Defining Traditional and Complementary Medicine

  • Kate ChatfieldEmail author
Part of the SpringerBriefs in Philosophy book series (BRIEFSPHILOSOPH)


‘Complementary’, ‘alternative’, ‘traditional’ or even ‘pseudomedicine’, are just some of the words that are used to describe this body of therapeutic interventions. Collectively, these terms evoke an array of seemingly disparate connotations, indicative of a wide range of perspectives. Indeed, opinions about their worth span a full spectrum from: ‘essential and highly valued forms of health care’, to: ‘no better than placebos that are proffered by charlatans’. This polarisation of perspectives is a significant challenge when it comes to explanation of what is meant by ‘complementary’ or ‘traditional’ medicine, as is the broad range of individual interventions that fall under this sizeable umbrella. The challenges for establishing a clear definition are explained and arguments given for adopting the World Health Organization’s definition of ‘traditional and complementary medicine’ (T&CM). An overview of the controversial nature of the subject matter provides a backdrop to subsequent ethical analysis in later chapters.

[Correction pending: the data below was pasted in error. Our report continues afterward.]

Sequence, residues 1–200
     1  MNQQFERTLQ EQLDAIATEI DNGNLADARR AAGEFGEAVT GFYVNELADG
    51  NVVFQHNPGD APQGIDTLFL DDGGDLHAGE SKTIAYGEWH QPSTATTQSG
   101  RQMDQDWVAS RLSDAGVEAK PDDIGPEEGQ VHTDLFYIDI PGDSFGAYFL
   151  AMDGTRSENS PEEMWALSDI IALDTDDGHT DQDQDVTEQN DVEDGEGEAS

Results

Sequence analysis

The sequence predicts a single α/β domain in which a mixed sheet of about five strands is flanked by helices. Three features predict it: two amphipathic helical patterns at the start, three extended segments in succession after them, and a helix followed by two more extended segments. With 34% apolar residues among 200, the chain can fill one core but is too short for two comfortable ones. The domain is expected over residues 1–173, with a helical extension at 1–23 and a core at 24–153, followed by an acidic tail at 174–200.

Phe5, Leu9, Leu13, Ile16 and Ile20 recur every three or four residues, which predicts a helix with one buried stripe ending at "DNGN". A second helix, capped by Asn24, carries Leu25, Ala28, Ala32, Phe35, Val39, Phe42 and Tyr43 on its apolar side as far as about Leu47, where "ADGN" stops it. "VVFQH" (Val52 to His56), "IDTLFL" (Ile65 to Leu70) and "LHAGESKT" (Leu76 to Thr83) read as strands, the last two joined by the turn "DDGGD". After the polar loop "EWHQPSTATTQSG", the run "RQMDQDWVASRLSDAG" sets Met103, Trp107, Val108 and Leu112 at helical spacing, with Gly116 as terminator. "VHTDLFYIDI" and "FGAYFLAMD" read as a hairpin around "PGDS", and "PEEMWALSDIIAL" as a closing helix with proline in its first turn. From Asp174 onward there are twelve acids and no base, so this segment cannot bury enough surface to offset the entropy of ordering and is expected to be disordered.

Complementary medicine Traditional medicine Alternative medicine Evidence-based medicine Definition Benefits Controversy 


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Copyright information

© The Author(s), under exclusive license to Springer Nature Switzerland AG 2018

Authors and Affiliations

  1. 1.Centre for Professional EthicsUniversity of Central LancashirePrestonUK

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